Big tobacco wields FOI docs against Labor

Big tobacco says documents obtained under freedom of information laws prove the federal government is on shaky ground when it comes to mandating plain packaging for cigarettes.

British American Tobacco Australia (BATA) has taken its fight to get access to one particular document to the Federal Court.

But it said documents already obtained under FOI laws showed plain packaging would impinge on tobacco companies’ trademark rights.
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Under Labor’s proposal, cigarettes would be sold in matt olive green packets because that’s the colour found to be least appealing to smokers.

There would be no obvious logos but there would be large pictures of the physical damage caused by smoking.

An April 2010 briefing note from the government body which administers Australia’s intellectual property rights system states that such packaging “would impinge on this (trademark) right”.

But IP Australia says the key issue is whether plain packaging serves the public interest.

“Such restrictions should only be introduced if there is a clear public interest to be served,” the briefing note obtained by BATA states.

“Notably, analysis of the public interest need should be based on strong empirical evidence.”

BATA spokesman Scott McIntyre said there was no such evidence and removing trademarks would result in the government having to pay the industry billions of dollars in compensation.

“The health minister is yet to reveal any real proof that plain packaging will reduce smoking rates and she has continually refused to release any legal advice which actually supports the untested legislation,” he said.

Indeed, IP Australia acknowledged that a 1995 Senate report concluded there was insufficient evidence to demonstrate generic packaging was effective in achieving health policy objectives.

It wrote in its April 2010 note that: “IP Australia is unaware of any subsequent evidence that establishes that the public interest would be better served by plain packaging.”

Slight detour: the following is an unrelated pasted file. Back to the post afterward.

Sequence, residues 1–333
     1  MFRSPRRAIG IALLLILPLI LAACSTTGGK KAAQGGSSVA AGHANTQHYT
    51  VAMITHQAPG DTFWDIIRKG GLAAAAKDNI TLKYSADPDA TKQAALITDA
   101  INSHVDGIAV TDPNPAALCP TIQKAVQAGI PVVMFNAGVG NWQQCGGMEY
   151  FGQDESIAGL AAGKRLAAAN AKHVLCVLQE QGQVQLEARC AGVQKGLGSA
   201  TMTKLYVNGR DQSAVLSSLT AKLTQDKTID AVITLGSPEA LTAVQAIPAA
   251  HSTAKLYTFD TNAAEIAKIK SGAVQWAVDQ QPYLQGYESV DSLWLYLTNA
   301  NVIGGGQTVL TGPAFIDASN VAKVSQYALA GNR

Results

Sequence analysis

BATA believes that advice proves “the key body for intellectual property in Australia advises the Australian government … there is no evidence the public interest is better served by plain packaging”.

The federal government admits the actual impact on smoking rates can’t be calculated yet because no other country has trialled plain packaging.

But it says research suggests generic packs will reduce the product’s appeal, particularly to young people, limit the ability of companies to mislead consumers and increase the effectiveness of health warnings.

It was revealed in October 2010 the tobacco industry had lodged 19 FOI requests with the health department, ahead of possible legal action against Labor’s reforms.

The requests sought thousands of official papers dating back to the early 1990s.

But there’s one document BATA hasn’t been given and it’s taken the fight to the Federal Court.

Mr McIntyre said the industry wanted to see legal advice from the commonwealth attorney-general, referred to in a 1997 government response to a Senate report into the cost of tobacco-related illness.

“This is the one they’re holding back,” he told AAP on Thursday.

“The minister has continually refused to release legal advice or anything supporting the legislation – that’s why we’re going to the Federal Court.”

Comment is being sought from federal Health Minister Nicola Roxon and her department.

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